Category Archives: Climate Change

Rio+20 and the Voice of Multiple Stakeholders

For Rio+20 the Sierra Gorda alliance of grassroots organizations
has chosen a route of more benefit to the planet and reduced emissions. That is, instead of attending, we contacted all of the organizations we are most involved with who have an influential role in the talks and events and will represent the Sierra Gorda in their different venues. Yann Arthus Bertrand will show the 20 minute documentary he filmed not long ago of Pati Ruiz Corzo, GoodPlanet Film Festival, from 16 through 21 June, at the prestigious Odeon cinema in Rio de Janeiro; The Stakeholder Forum is publishing articles like th one attached here on behalf of the NGOs at Rio+20; Natarjan Ishwaran, Director of the Man and Biosphere(MaB) UNESCO will share videos and articles about the best practices being shared from the Sierra Gorda model; UNESCO´s United Nations Decade of Education for Sustainable Development showcases the diploma course from Centro Tierra Sierra Gorda; Earth Day Network´s Billion Acts of Green campaign includes the 53 Earth Festivals held during 2 months this year in the SIerra Gorda Biosphere Reserve thanks to the Environmental Education program of Grupo Ecológico; Forest Trends will discuss the successful implementation of accessible voluntary market practices and the development of local protocols in Queretaro with Governor José Calzada; and various partners will refer to Sierra Gorda as a carbon neutral option, such as MaB UNESCO, Forest Trends and the U.N Foundation, the founding donor that offset their office emissions with Sierra Gorda´s Premium Carbon that is validated under the VCS and CCBA standards.
Published on June 15th, 2012 in the multi-stakeholder magazine,                    Outreach on Climate Change & Sustainable Development by the OUTREACH magazine at Rio+20

The Grupo Ecológico Sierra Gorda, I.A.P. (GESGIAP) was founded in 1987 by local citizens from the Sierra Gorda, a mountainous region situated in the state of Querétaro, Mexico. It is one of the most ecologically diverse regions of Mexico, but also has high levels of poverty. The organisation has demonstrated that the success of projects for the conservation and protection of biodiversity and sustainable development is determined by a foundation of social strategy that involves the community, has clear and measurable objectives, and is supported by an alliance of government and private sector.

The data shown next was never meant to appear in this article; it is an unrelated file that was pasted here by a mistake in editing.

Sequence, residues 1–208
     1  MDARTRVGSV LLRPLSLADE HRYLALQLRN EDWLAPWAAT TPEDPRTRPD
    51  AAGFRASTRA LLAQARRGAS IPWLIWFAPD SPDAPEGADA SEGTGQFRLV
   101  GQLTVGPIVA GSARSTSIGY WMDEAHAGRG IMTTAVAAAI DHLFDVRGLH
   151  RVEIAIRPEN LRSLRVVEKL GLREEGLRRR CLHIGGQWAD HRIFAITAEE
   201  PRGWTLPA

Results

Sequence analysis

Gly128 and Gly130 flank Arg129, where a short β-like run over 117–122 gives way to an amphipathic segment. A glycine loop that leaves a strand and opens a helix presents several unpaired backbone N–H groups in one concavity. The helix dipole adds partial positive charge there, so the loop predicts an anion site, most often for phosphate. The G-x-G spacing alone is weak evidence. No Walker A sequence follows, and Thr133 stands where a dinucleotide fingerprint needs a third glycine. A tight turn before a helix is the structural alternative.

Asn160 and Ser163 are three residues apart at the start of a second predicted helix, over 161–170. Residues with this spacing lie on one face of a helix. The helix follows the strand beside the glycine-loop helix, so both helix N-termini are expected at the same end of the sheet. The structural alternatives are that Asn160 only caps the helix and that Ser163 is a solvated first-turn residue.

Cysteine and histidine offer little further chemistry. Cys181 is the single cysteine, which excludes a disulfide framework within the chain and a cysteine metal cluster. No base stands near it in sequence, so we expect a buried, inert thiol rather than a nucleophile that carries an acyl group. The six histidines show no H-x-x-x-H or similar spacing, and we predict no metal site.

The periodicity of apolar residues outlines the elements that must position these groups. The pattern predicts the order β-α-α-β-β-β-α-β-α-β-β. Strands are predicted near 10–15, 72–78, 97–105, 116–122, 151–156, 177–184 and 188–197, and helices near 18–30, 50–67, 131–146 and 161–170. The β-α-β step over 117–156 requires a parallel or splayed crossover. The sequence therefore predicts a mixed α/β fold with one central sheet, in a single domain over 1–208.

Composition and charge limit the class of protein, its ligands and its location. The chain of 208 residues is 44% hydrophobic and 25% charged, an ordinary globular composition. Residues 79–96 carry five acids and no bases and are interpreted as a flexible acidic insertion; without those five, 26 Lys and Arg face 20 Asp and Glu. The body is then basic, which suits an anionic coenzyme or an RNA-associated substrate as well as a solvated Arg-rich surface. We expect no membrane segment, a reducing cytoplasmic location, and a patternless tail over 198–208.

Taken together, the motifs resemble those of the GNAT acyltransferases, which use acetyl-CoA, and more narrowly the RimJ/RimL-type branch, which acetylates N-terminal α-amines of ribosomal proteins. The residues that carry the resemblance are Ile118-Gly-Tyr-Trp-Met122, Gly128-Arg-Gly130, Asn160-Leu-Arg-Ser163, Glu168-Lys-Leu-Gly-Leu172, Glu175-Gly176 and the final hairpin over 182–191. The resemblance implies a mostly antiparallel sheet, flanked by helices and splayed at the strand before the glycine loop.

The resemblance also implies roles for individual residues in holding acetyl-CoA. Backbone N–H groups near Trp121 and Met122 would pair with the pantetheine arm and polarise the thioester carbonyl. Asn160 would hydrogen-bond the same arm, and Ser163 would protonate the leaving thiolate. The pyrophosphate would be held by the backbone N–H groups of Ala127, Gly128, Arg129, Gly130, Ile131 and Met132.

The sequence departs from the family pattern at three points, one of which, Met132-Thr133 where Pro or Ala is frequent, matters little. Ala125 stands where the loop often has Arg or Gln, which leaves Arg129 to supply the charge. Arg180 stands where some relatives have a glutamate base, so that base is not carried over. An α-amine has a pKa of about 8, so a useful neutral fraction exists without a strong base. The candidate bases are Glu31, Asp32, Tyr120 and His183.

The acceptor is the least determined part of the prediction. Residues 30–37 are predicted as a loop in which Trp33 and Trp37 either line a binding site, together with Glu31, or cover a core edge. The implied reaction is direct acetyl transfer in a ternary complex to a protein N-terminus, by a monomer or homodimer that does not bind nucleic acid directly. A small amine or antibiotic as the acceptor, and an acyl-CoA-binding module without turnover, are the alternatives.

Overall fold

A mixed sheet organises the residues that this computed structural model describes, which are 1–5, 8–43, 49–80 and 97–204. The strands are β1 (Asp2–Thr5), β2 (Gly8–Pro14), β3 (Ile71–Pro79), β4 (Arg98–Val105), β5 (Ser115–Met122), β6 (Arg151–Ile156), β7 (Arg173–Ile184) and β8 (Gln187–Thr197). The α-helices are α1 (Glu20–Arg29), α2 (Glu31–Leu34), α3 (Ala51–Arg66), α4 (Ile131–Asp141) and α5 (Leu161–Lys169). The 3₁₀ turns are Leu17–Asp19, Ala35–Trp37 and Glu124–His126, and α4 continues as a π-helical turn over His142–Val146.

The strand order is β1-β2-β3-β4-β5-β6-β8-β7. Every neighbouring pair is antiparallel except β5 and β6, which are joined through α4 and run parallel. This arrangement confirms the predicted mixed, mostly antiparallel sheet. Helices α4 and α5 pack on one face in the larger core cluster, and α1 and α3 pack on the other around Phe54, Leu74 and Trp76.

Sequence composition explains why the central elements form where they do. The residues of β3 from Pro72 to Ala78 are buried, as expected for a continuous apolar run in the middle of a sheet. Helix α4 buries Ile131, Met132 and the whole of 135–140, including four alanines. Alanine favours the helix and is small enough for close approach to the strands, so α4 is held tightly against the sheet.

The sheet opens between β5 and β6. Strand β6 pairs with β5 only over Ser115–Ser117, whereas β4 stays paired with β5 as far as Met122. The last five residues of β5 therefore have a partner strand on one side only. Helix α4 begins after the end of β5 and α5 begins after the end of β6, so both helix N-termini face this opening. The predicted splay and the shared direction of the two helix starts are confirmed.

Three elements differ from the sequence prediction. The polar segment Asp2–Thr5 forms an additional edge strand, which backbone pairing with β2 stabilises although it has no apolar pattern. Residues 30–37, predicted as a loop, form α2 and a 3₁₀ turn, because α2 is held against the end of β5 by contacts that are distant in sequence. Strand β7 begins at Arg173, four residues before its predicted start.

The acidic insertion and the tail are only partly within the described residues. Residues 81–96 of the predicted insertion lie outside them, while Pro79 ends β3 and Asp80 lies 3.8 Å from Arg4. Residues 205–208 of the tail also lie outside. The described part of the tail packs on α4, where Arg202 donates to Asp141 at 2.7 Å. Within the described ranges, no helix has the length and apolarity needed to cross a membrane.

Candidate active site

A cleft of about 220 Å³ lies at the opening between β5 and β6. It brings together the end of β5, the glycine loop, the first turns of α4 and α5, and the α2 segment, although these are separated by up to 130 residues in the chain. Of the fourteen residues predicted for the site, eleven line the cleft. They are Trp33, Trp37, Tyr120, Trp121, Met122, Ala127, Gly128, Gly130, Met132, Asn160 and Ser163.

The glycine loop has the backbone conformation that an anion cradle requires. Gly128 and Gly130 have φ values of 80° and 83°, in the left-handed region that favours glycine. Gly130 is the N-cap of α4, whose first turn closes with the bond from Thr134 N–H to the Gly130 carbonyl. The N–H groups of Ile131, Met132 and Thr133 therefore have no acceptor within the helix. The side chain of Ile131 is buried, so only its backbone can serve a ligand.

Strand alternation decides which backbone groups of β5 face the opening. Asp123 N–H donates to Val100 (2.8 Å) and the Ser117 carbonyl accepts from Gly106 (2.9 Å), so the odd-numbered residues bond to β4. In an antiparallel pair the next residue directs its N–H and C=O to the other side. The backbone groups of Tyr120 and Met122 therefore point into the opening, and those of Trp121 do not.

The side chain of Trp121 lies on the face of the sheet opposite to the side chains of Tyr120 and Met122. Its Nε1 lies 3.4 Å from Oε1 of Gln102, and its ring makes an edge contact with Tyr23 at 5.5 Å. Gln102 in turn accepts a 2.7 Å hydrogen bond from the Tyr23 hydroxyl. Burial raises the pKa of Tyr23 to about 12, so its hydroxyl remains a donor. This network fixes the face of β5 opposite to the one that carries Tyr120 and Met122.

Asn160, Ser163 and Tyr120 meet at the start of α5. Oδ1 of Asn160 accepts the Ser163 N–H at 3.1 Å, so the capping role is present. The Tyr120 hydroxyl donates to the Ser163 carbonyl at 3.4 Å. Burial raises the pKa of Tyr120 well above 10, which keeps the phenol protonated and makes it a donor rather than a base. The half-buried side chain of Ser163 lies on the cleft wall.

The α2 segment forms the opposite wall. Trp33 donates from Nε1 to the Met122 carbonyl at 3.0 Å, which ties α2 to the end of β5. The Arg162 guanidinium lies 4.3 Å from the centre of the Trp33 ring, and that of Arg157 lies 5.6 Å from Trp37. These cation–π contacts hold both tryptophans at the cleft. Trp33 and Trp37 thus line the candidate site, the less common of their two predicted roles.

mountain250When GESGIAP initiated its work, the Sierra Gorda was facing numerous threats common to areas of high biodiversity in Mexico and Latin America, such as extensive cattle ranching, inefficient agricultural practices, forest fires, inadequate forest management, and contamination, all exacerbated by the lack of knowledge and extreme poverty of its inhabitants. There are 95,000 people in the Sierra Gorda that depend on traditional sustenance activities, such as farming and the extraction of goods from forests.

How it all started

When the movement started, there were only a handful of volunteers in a totally forgotten rural environment. As in other areas of the country, no regulations existed for the management of its natural resources. GESGIAP obtained the support of local inhabitants of the area and together requested that the federal government protect the area through the creation of the Sierra Gorda Biosphere Reserve (now recognised by UNESCO). In 2001, it became the first Mexican NGO to obtain Global Environment Facility (GEF) backing to scale its activities up to a full-size project entitled ‘Conservation of the Biodiversity in the Sierra Gorda Biosphere Reserve’, in close collaboration with United Nations Development Programme (UNDP) and the National Committee for Protected Natural Areas. The project included a $6.7 million leverage fund which led to further public and private investment totalling $41.6 million. As a consequence of this funding, 167 co-managed citizens’ sustainability initiatives have been launched within this natural area of 383,567 hectares, creating an ‘economy of conservation’.